will reinforce their institution-based trust and trusting beliefs. A person with high disposition to
trust is more likely to see the good points and to overlook flaws in the other person or situation
that would threaten high trusting intention levels by lowering trusting beliefs or institution-based
Belief-confirming cognitive mechanisms. Attentional cognitive processes play a role in
sustaining initial trust. Not all information is attended to. Unless it is attended to, it will not
affect trust-related constructs. Peoples’ beliefs and preconceived notions tend to filter the
information that is attended to. Good (1988) said that evidence contrary to one’s beliefs is
seldom sought and often ignored. Good cited psychological experimental evidence (e.g.,
Mitroff, 1974; Tajfel, 1969; Wason, 1960) for this confirmation bias effect. Similarly, Taylor
and Brown (1988) cited evidence that people “generally select, interpret, and recall information
to be consistent with their prior beliefs or theories (see Fiske & Taylor, 1984; Greenwald, 1980;
Taylor & Crocker, 1981, for reviews).” Taylor and Brown (1988) applied this effect to positive
illusion-based beliefs: “Consequently, if a person’s prior beliefs are positive, cognitive biases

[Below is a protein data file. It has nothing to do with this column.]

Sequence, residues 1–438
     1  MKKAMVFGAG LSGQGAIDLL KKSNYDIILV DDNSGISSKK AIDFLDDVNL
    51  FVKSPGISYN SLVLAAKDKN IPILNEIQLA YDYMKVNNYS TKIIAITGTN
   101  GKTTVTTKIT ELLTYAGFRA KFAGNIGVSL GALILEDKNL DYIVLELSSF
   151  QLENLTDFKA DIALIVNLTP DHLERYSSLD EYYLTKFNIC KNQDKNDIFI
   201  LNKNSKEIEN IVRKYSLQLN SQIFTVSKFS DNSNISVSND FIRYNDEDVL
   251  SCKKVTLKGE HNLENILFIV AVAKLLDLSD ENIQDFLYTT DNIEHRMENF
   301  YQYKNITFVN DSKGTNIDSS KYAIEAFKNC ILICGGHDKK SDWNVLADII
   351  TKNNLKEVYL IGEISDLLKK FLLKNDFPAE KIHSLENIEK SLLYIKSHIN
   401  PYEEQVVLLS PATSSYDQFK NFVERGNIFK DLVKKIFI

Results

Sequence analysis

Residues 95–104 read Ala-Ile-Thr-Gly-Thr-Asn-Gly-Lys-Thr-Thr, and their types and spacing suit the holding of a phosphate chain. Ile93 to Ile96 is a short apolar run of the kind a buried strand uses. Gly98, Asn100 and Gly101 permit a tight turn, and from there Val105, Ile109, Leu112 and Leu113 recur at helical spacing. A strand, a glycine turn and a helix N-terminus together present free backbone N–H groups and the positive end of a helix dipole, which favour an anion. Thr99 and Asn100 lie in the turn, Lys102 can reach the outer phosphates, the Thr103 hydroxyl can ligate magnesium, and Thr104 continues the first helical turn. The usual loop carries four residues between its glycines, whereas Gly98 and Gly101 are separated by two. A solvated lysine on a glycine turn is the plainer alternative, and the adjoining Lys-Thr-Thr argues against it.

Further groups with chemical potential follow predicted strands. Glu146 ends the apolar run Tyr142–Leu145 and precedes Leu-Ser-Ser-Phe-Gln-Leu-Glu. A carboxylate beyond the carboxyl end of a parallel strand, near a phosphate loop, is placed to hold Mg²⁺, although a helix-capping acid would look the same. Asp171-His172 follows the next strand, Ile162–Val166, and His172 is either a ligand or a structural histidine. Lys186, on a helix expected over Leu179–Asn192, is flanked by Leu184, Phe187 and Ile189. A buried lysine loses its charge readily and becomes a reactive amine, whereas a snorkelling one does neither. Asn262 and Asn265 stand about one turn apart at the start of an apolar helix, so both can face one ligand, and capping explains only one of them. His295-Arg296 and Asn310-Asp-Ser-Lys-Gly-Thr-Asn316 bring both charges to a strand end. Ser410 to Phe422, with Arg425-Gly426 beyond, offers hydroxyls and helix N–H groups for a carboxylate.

that favor conservatism generally will maintain positive illusions more specifically.” (1988: 202)
Taylor & Brown (1988) cited additional evidence that peoples’ preconceptions guide which
information they considered relevant, and therefore, to which information they attended
(Howard & Rothbart, 1980; Nisbett & Ross, 1980).
Empirical studies have confirmed that much counter-belief evidence is simply ignored.
An example is the 1986 NASA Challenger disaster. Starbuck and Milliken (1988) found that
NASA and Morton-Thiokol managers ignored or explained away evidence that rocket booster
O-rings would erode in a low temperature take-off. Contrary evidence is especially ignored
when things are perceived to be going well. Sitkin (1992: 232) explained that “small successes